6.3.2   Alternating Proficiency Checks in Mixed Fleet Flying Operations: For MFF between A320 or A330 and A350 related aircraft, proficiency checks should alternate for PICs and other flight crew members, as outlined in Appendix 3.

 

Note:  Satisfactory completion of a proficiency check may be substituted for recurrent flight training as permitted in 14 CFR part 121 for any A350 aircraft.

 

6.4   Line Checks:

 

6.4.1   MFF Operations: Line checks completed for either A320, A330, or A350 aircraft may satisfy the requirement for the other related aircraft type(s).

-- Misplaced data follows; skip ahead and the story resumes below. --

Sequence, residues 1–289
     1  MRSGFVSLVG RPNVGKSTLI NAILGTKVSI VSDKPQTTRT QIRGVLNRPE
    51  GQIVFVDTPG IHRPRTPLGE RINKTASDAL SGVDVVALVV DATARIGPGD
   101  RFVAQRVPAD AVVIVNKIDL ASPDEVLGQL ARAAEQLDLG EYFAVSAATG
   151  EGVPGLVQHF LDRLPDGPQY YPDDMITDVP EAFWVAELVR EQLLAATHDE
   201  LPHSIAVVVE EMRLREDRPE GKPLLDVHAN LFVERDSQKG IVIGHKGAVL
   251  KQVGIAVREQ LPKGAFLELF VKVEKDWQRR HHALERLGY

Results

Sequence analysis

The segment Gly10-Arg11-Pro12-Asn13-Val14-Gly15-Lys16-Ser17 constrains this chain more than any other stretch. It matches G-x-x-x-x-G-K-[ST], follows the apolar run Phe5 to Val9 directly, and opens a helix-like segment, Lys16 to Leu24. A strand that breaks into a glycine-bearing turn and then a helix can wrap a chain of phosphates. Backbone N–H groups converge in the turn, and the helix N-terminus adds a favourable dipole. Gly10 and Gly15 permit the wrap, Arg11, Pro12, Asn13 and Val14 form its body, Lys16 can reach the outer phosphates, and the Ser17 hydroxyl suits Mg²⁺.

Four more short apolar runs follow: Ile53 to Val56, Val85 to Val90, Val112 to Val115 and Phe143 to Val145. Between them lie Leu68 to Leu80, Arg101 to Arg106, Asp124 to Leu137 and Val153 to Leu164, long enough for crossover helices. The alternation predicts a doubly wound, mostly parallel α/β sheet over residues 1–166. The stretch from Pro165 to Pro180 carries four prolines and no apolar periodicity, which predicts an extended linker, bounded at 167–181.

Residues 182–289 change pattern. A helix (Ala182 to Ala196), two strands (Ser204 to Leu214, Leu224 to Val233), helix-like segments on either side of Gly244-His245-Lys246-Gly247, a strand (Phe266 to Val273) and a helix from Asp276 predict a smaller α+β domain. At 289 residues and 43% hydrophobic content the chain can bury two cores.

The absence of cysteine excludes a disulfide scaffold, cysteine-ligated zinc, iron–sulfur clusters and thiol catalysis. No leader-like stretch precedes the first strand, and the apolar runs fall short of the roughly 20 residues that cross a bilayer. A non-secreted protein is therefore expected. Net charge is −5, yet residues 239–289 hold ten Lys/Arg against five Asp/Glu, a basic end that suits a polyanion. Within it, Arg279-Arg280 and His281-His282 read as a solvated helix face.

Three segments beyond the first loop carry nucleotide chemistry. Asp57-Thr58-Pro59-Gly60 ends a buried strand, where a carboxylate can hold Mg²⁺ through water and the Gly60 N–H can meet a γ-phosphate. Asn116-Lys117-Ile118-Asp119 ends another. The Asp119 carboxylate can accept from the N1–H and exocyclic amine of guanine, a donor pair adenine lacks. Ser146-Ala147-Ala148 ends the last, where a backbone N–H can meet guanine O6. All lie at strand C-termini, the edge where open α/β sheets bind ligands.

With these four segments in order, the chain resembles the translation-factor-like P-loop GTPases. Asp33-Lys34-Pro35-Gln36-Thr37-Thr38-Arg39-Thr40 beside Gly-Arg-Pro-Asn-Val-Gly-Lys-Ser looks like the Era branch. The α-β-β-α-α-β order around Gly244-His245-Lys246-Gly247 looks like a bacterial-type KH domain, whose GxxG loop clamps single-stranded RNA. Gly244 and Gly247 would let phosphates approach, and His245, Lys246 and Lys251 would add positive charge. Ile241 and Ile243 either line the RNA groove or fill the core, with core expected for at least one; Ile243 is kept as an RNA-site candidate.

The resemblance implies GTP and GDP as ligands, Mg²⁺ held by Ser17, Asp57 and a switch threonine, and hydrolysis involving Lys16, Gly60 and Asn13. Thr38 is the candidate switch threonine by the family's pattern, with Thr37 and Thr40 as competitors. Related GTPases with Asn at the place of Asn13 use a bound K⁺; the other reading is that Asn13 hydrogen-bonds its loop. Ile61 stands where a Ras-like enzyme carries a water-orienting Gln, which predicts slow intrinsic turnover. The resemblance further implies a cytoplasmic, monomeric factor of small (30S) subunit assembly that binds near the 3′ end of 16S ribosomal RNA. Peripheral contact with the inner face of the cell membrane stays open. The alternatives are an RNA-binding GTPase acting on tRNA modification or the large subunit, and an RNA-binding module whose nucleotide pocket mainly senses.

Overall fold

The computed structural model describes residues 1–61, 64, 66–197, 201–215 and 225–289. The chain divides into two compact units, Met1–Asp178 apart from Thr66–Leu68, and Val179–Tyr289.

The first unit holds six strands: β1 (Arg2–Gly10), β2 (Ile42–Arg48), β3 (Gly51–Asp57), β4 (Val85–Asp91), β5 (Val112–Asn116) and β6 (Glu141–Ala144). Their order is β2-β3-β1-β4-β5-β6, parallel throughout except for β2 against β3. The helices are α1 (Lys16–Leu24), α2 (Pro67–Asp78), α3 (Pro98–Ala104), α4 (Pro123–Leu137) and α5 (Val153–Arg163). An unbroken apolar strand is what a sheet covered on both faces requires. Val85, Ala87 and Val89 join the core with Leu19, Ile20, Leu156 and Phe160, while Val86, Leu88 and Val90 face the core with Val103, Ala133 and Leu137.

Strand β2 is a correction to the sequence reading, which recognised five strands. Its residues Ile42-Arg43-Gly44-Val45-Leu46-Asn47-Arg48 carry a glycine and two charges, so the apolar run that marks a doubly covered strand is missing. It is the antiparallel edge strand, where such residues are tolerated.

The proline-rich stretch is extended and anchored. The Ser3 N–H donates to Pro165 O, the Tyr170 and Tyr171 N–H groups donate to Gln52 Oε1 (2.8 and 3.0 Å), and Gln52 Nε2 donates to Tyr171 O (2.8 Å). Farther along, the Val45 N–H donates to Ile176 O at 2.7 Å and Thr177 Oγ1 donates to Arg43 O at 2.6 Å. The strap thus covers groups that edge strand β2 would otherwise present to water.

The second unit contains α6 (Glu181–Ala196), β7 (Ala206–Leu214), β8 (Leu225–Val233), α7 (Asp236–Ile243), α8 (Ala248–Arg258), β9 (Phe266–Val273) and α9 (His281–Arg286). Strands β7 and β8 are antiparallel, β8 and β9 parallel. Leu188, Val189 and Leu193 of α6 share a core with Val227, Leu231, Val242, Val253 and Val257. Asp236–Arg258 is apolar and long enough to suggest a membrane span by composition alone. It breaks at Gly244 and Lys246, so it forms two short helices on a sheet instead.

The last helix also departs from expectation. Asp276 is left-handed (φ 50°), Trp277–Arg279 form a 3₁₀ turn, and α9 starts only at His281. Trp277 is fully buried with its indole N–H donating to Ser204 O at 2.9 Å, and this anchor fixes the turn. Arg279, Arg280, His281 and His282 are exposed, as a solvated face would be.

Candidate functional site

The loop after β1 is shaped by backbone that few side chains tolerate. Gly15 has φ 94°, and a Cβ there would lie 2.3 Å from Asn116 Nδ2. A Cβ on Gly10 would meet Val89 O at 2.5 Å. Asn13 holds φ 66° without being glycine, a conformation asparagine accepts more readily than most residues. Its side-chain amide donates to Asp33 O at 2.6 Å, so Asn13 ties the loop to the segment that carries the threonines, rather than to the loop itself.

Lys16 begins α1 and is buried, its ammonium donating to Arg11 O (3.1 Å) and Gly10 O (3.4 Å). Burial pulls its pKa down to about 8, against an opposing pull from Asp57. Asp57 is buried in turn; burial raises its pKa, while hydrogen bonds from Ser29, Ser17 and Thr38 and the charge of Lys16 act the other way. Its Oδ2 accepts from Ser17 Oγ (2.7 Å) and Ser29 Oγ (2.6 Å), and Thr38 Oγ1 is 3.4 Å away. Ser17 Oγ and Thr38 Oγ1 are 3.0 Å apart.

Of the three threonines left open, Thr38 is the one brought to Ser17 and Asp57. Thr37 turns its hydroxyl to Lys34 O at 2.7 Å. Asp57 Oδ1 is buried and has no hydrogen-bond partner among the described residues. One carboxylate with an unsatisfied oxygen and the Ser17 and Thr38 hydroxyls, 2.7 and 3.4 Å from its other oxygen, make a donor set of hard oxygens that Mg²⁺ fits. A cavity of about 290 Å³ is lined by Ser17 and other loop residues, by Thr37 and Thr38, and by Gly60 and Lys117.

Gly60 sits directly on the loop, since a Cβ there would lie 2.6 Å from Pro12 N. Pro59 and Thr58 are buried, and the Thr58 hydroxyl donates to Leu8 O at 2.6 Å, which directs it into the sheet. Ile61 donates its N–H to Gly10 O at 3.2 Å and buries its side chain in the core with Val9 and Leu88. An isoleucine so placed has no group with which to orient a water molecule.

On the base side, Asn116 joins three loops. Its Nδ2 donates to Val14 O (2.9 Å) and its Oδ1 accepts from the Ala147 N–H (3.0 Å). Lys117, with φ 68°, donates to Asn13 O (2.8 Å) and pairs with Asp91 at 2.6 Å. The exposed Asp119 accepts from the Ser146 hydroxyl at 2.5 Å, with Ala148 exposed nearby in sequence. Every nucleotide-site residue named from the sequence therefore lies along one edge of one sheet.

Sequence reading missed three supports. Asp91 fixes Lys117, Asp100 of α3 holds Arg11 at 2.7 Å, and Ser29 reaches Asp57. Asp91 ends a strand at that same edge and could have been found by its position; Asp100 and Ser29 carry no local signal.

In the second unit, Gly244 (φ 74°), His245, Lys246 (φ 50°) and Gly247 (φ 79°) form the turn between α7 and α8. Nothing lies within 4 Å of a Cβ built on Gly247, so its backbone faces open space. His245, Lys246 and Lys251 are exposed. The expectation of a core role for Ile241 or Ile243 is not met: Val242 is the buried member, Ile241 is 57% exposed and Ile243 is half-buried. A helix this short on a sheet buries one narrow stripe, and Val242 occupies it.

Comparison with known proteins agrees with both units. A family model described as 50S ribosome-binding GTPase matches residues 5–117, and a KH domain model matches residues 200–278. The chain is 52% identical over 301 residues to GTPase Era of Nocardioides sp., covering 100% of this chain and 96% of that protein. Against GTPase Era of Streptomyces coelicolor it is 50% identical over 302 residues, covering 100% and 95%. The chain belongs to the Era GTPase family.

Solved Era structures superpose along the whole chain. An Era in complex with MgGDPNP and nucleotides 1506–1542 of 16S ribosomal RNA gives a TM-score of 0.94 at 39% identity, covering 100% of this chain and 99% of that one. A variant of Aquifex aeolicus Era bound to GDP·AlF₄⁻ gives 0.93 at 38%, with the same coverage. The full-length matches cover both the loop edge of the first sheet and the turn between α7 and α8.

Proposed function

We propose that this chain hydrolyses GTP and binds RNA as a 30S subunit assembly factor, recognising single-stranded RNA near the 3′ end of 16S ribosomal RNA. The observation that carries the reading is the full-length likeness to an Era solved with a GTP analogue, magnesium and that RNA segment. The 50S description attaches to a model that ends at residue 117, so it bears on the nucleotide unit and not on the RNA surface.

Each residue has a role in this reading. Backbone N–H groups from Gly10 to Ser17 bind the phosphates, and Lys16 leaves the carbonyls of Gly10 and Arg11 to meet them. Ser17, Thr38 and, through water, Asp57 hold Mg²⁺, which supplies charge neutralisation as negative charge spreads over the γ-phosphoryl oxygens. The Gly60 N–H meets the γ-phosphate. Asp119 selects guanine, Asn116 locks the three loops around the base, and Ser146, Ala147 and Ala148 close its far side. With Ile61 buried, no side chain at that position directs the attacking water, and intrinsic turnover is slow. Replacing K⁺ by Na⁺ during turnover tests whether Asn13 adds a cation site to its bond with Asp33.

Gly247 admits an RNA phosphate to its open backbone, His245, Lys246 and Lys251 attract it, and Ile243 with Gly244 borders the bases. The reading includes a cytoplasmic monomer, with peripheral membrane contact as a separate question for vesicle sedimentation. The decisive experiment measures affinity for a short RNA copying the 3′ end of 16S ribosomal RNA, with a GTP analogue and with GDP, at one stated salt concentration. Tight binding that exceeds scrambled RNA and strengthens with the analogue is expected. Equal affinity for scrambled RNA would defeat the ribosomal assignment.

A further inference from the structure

7.   FSB SPECIFICATIONS FOR CURRENCY AND RECENT EXPERIENCE

 

7.1   Currency for Mixed Fleet Flying Operations: These are shown in MDR/ODR tables:

 

7.1.1   Methods for Re-establishing Currency:

 

a)          Re-establishing Mixed Fleet Flying currency at level A, B, or C: If necessary, currency is re-established at difference level A, B or C, as provided in AC 120-53.

 

b)          Re-establishing Mixed Fleet Flying Currency at Level D or E: Flight crewmembers re-establishing currency at level D or E is as specified in 14 CFR part 121 or as specified by ODR tables and IAW AC 120-53. During line operations, currency may be re-established under the supervision of an appropriately qualified check pilot serving as PIC. Currency may also be re-established by a simulator proficiency check or by completing an approved recurrent training course. Recent experience requirements must be re-established IAW 14 CFR part 121.